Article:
Why You Should Think, Write and Grow

Think Write GrowBecoming a thought leader is an excellent way to demonstrate your expertise in your industry, as well as garner new clients. In Grant Butler’s Think Write Grow: How to Become a Thought Leader and Build Your Business by Creating Exceptional Articles, Blogs, Speeches, Books and More, the author (@grantxbutler) explores the importance of becoming a thought leader, as well as how to improve the types of communication that help establish you as a thought leader.

A Thought Leader Himself

Grant Butler is the Founder and Managing Director of Australian-based Editor Group, a company that provides corporate communication (ads, articles, brochures, newsletters, reports, website copy and white papers) for companies. Prior to this, he was a senior journalist with The Australian Financial Review, as well as held other positions in media and PR. His extensive experience in writing thought leadership materials gave him the expertise for his book.

What You’ll Get Out of This Book

Think Write Grow, which was nominated for the 2012 Small Business Book Awards, educates readers on what exactly thought leadership is:

“What sets thought leaders apart is that they don’t just think; they go out of their way to share their thoughts with others. They may do this by publishing their views in books or journals, speaking at events, appearing in the media and taking up industry leadership roles such as serving on boards and standards-setting bodies. Most importantly, thought leaders are focused on what’s likely to happen in the future.”

Butler also highlights key types of thought leadership communications, as well as their benefits. He includes:

  • Essays
  • Whitepapers
  • Articles
  • Letters
  • Blogs
  • Speeches
  • Books

He provides ample tips for getting the most out of each of these forms of communication. I found his “Three Cs” useful for my own writing:

1. Capture the reader’s attention
2. Convince the reader of your case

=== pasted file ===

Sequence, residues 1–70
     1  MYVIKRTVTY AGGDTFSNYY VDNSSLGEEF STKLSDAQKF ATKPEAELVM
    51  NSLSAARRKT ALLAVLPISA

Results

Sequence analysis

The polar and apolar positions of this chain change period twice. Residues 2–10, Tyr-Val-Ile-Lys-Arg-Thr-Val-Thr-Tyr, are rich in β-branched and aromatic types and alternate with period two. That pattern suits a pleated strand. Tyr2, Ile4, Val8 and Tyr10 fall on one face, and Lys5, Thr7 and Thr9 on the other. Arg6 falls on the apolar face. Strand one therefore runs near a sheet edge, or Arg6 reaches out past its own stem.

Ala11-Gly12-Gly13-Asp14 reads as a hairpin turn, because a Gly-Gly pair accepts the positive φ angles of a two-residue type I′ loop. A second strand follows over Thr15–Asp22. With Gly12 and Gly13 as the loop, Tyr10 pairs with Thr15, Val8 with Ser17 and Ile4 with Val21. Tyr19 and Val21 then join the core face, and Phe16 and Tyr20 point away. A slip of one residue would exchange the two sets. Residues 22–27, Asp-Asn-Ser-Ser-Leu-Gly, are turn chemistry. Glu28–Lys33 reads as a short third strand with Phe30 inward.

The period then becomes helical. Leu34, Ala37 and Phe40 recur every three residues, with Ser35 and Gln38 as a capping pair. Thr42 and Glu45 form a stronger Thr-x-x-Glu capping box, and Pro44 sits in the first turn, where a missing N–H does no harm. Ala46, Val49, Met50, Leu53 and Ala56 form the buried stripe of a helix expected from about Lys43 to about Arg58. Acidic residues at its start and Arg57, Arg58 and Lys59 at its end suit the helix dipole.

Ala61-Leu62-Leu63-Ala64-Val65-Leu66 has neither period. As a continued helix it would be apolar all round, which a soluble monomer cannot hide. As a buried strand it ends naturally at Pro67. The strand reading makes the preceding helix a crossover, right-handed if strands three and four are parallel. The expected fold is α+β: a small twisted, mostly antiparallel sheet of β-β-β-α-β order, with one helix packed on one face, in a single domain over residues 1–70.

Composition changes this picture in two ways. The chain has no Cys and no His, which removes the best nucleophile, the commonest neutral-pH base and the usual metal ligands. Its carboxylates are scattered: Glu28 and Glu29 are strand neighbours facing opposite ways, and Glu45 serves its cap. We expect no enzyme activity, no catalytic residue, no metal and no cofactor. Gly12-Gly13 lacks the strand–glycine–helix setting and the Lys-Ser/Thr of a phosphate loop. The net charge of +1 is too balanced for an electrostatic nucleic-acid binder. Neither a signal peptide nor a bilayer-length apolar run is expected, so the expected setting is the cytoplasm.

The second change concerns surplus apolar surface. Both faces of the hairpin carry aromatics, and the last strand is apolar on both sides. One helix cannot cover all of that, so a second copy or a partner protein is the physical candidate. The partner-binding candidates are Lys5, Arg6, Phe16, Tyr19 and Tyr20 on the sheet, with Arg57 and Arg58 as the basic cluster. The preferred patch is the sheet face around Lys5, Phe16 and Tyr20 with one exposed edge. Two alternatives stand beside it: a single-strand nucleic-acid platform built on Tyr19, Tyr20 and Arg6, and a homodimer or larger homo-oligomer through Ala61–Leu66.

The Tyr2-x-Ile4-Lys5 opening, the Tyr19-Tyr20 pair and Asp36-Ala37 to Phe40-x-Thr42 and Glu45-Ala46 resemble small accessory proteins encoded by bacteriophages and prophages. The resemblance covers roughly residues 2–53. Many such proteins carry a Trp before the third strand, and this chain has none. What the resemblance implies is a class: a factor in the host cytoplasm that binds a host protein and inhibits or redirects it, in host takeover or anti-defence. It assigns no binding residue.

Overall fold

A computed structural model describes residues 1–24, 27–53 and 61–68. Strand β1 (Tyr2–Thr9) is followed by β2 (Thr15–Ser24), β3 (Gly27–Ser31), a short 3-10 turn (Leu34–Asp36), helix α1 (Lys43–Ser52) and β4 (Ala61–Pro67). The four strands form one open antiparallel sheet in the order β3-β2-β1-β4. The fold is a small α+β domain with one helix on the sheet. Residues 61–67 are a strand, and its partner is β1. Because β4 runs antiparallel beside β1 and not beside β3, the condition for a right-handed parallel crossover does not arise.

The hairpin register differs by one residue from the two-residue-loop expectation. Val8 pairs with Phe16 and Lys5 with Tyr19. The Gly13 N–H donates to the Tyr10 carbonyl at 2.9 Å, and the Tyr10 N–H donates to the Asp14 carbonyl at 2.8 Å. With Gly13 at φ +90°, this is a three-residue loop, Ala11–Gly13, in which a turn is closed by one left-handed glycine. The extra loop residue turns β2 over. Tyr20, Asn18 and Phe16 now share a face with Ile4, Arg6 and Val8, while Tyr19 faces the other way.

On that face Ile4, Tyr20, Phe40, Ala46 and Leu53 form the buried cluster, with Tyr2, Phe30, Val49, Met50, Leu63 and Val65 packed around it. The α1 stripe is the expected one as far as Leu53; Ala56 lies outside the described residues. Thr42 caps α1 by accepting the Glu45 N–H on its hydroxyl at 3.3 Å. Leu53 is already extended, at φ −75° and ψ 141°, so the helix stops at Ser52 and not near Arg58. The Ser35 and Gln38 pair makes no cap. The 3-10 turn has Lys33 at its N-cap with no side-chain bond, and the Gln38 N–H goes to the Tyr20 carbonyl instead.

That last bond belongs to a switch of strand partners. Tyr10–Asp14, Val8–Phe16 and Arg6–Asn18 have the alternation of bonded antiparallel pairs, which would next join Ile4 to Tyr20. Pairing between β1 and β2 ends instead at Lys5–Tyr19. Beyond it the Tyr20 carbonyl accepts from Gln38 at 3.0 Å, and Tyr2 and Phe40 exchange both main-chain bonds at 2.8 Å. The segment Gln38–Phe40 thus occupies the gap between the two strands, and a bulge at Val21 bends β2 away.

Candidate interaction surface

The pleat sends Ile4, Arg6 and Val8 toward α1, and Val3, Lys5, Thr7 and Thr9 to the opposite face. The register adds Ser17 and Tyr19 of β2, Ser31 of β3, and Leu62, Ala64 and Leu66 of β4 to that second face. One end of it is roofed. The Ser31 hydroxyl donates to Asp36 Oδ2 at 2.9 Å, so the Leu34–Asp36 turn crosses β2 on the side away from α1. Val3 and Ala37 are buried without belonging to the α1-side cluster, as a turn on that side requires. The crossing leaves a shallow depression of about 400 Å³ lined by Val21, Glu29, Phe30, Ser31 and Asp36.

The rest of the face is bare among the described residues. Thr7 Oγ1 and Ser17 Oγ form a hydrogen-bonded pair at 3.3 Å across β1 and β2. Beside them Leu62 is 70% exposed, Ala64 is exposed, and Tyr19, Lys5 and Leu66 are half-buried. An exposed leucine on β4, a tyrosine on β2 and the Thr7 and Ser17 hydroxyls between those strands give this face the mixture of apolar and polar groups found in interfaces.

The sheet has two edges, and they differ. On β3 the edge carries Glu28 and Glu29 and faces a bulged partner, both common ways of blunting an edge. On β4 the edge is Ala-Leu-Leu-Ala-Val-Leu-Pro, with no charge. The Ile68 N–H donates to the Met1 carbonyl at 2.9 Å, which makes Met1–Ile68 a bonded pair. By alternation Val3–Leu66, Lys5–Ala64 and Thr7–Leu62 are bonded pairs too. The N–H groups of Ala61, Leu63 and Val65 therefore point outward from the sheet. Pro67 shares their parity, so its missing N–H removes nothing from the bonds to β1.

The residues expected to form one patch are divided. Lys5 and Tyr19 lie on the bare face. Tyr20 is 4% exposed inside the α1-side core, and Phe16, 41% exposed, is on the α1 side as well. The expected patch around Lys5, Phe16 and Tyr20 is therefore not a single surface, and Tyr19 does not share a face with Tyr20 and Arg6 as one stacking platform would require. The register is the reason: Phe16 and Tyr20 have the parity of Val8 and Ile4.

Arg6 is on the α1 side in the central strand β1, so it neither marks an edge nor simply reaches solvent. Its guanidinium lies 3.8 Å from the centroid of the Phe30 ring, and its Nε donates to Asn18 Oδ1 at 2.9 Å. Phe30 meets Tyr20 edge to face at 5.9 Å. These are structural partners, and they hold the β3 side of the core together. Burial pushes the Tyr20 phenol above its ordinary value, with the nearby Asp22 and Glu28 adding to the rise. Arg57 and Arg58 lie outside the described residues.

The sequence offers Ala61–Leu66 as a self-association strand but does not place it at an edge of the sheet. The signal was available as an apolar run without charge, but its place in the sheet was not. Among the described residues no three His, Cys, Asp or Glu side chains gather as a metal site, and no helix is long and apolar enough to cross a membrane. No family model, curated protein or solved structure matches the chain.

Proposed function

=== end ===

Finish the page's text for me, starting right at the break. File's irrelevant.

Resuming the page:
3. Close with a strong conclusion and ideally a call to action

What I Liked Best

One part thought leadership education, one part writing coaching, this book blends practical writing advice with the bigger picture of why you’d write essays, blogs and books. Butler connects the dots between the actual writing and the marketing you need to do to get the writing in the right hands.

Who Should Read this Book?

If you’ve been interested in becoming better known in your industry, publishing a thought leadership book, or speaking at industry events, this book will guide you on your path to achieving your goals.  If you’d like tips for being a better writer, regardless of your thought leadership status, this book provides tips for every level of writer.


Susan Payton Susan Payton is the Communications Manager for the Small Business Trends Awards programs. She is the President of Egg Marketing & Communications, an Internet marketing firm specializing in content marketing, social media management and press releases. She is also the Founder of How to Create a Press Release, a free resource for business owners who want to generate their own PR.

7 Reactions
  1. This sounds like a very interesting book to read. Especially for the writing tips. And I love the 3 C’s. Thanks for sharing with us

  2. As a leadership coach for major corporations , I couldn’t agree more. I recently finished a book which publishes in May that is getting great response. But since I have spent my career working in the trenches I never gave thought to developing a presence beyond my clients. I believe that many hold me as a thought leader but how would anyone else know? So you can do this the hard way like I have, learning how to create a footprint very late in the game. Or you can follow Grant’s advice and develop your outreach along with your career. Susan, this is a really helpful article for those of us who are just figuring it out. Tx Alan

  3. I’m intrigued. Given that definition of thought leadership and the 3 Cs, how do these differ in any meaningful way from labels like “subject matter expert,” “trusted advisor,” or event “content marketer?” Where, specifically, do these designations end and thought leadership begins? Don’t all of these other folks do precisely the same — i.e., put themselves and their knowledge “out there?”

    • Liz–
      These days, you certainly are competing with others to be known as a thought leader, but the good news is: there’s plenty of room for all. You could replace “thought leader” with “SME” or “advisor.”


  4. To Susan: Good call. Always Advisor. Never Consultant!